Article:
Carbonate Island Karst Model (CIKM)
Carbonate island karst is unique type of karst that develops in young, diagenetically relatively unaltered limestone units. It is highly distinct from classical types of karst that occur in old, diagenetically mature limestones. On Guam, karst forms reminiscent of classical karst can only be found in older limestones of central southern Guam and clay-rich limestones in the southern part of northern Guam plateau. The vast majority of karst on Guam, including practically the entire northern Guam plateau, can be described as carbonate island karst.
Carbonate island karst develops in young (Cenozoic) carbonates on islands and along coasts and is conceptually distinct from continental karst. Its development is partly controlled by the lithologic heterogeneity and high primary porosity of the host limestones, which tend to be young, diagenetically immature units, for which Vacher & Mylroie (2002) have proposed the term eogenetic karst. These rock qualities cause fresh water infiltration and percolation to be predominantly diffuse, obviating surface flow and subsurface conduit transport, which are typical of continental karst. Carbonate island karst is further defined by the effects of differential dissolution associated with the mixing zones of vadose water, phreatic groundwater, and marine water; the migration of the mixing zones in response to glacio-eustatic and tectonic variations in relative sea level; and the position of the contact between the carbonate platform and the underlying non-carbonate basement with respect to sea level (Mylroie and Jenson 2000).
The contact between the overlying carbonate rock, in which the karst terrain develops, and the underlying non-carbonate basement rocks that form the core of carbonate islands exerts important control on fresh water movement, conduit development, and fresh water interaction with marine water. Where the contact intersects the land surface, surface water from the higher-standing non-carbonate terrain dissolves sinkholes in the adjacent carbonate rock where it descends along the contact. In the vadose zone, stream caves develop along the contact as descending water follows the less permeable basement to the water table. Where the contact passes through the fresh water phreatic zone down to the fresh water-saltwater interface, it isolates the base of the fresh water lens from the influence of seawater. Based on the position of the contact relative to the fresh water-sea water interface and the island surface, carbonate islands can thus be classified into four ideal types (see diagram below):
1. Simple carbonate island karst forms where carbonate rocks extend from the surface to beneath the fresh water lens.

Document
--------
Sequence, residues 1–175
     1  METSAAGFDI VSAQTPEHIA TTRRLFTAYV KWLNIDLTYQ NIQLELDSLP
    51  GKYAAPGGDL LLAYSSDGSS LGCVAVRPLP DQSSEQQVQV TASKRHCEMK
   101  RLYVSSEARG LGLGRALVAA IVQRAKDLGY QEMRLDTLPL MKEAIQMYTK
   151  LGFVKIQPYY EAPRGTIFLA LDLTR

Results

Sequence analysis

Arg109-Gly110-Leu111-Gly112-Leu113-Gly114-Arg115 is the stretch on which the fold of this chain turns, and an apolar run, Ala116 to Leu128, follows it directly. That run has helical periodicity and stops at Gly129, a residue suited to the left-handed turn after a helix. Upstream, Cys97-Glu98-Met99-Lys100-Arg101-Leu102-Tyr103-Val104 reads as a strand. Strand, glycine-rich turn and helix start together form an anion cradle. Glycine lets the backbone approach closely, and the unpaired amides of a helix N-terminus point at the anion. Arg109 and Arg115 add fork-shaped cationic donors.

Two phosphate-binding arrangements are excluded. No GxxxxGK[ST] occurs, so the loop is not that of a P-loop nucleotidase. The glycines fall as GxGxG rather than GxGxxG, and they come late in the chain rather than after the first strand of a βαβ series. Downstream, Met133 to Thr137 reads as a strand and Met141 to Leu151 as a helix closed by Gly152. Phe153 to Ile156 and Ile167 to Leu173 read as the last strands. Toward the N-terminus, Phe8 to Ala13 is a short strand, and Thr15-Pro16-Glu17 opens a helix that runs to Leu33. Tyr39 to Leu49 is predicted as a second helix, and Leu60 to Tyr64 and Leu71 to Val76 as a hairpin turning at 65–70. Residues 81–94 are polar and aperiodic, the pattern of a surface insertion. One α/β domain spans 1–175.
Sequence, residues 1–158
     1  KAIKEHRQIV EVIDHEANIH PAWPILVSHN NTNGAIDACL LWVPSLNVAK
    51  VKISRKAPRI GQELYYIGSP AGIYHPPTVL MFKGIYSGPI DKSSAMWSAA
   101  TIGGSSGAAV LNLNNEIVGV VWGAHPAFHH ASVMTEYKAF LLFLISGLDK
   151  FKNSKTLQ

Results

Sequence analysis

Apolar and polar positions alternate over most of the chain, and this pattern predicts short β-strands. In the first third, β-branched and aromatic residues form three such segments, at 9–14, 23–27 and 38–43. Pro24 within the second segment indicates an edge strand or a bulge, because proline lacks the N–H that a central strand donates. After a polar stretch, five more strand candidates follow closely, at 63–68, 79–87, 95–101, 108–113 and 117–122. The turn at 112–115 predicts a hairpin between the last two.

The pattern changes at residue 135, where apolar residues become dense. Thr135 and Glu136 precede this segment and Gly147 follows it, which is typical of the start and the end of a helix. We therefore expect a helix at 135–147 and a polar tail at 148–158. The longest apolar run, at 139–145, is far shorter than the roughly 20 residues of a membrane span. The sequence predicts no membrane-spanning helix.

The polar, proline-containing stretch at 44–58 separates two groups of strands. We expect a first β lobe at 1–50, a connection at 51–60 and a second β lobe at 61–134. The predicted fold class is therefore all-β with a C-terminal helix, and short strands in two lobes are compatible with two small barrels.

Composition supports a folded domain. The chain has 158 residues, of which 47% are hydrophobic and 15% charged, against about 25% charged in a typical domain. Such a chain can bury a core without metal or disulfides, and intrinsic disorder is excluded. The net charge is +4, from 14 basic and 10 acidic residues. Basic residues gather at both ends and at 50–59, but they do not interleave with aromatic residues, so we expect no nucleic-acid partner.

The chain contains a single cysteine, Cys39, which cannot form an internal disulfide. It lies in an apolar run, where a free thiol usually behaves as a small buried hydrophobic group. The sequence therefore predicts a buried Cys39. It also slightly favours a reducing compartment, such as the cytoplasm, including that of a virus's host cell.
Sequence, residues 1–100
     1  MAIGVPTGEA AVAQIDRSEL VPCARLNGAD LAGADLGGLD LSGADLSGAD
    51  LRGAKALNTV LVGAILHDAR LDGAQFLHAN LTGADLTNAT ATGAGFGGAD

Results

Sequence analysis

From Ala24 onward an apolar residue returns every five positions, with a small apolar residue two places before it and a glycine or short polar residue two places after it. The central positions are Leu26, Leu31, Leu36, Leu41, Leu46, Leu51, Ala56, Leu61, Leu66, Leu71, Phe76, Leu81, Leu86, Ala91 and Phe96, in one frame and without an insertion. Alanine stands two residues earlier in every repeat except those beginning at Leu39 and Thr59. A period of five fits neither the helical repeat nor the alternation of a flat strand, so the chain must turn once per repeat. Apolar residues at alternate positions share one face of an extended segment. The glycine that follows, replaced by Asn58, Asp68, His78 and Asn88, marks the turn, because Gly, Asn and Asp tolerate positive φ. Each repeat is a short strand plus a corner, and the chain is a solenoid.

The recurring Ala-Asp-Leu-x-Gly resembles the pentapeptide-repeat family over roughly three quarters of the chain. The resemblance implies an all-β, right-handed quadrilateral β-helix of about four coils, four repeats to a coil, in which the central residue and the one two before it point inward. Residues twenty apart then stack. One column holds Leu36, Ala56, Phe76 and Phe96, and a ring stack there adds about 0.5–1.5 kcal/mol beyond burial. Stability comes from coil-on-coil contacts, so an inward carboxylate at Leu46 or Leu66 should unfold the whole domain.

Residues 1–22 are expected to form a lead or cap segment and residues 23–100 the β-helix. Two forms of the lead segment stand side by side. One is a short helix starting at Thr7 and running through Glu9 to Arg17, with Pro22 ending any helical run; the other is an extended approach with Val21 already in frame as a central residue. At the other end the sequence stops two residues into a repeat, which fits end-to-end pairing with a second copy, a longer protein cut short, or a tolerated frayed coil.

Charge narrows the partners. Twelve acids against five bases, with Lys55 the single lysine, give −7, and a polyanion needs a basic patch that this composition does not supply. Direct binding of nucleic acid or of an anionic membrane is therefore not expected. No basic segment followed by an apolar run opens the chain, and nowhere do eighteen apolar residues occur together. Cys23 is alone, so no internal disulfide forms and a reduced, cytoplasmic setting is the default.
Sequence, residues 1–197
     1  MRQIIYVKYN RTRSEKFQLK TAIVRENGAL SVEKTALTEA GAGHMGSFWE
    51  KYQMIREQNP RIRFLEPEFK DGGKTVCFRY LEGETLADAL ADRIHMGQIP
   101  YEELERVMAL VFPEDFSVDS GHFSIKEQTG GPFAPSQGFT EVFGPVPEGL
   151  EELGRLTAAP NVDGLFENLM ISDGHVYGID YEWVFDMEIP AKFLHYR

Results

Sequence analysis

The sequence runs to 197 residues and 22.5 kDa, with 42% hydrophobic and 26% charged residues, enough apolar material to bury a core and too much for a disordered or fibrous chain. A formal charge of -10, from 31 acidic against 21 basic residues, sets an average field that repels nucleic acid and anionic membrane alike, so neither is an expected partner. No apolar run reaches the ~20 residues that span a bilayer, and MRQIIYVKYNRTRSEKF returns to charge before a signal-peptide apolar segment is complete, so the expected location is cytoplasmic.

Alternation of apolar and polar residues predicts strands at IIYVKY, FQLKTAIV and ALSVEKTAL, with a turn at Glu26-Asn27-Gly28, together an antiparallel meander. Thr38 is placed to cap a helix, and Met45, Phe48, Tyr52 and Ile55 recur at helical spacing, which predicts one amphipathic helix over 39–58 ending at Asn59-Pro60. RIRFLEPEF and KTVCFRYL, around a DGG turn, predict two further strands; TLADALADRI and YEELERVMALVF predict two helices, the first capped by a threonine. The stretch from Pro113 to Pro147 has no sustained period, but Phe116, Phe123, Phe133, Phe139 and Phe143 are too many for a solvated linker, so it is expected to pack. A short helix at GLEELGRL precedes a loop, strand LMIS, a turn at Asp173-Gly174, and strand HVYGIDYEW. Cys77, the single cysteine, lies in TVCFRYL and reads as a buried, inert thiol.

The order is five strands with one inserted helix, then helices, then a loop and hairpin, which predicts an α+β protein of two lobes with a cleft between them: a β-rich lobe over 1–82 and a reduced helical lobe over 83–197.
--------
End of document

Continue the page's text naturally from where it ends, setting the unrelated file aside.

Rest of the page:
2. Carbonate cover island karst develops where non-carbonate basement rocks rise above sea level to partition the fresh-water lens but are not exposed at the surface.
3. Composite island karst is where non-carbonate rocks partition the lens and are exposed above the limestone surface; and
4. Complex island karst may exhibit characteristics of all three previous models and contain sedimentary units of intermediate or mixed carbonate-noncarbonate lithology and/or complex structurally modified stratigraphic relationships.
Diagram above from Jenson, J. W., Keel, T. M., Mylroie, J. R., Mylroie, J. E., Stafford, K. W., Taboroši, D. and Wexel, C. 2006, Karst of the Mariana Islands: The interaction of tectonics, glacio-eustasy, and freshwater/seawater mixing in island carbonates. In: Harmon, R. S. and Wicks, C. (eds.) Perspectives on karst geomorphology, hydrology and geochemistry – A tribute volume to Derek C. Ford and William B. White: Geological Society of America Special Paper 404: 129-138.
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While many islands can be described in terms of a single ideal type, northern Guam locally exhibits elements of each of the first three carbonate island karst environments (see diagram above). One percent of its land surface is occupied by the volcanic outcrops of Mt. Santa Rosa and Mataguac Hill, which protrude through the limestone plateau (composite island model). Beneath approximately 21% of the land surface, the basement extends above sea level, but is not exposed at the surface (Vann 2000) (carbonate cover island model). When the lowest long-term relative stillstand of 95 m below the modern sea level (based on submerged marine terraces mapped by Emery in 1962) is considered, an additional 37% of the northern Guam’s modern surface may also have fit the carbonate cover island model during the past. Finally, the basement is sufficiently deep under 41% of the plateau surface that it has probably not stood above sea level (simple carbonate island model) since the overlying limestone bedrock was deposited, assuming that the current level of tectonic uplift is the highest the island has experienced.
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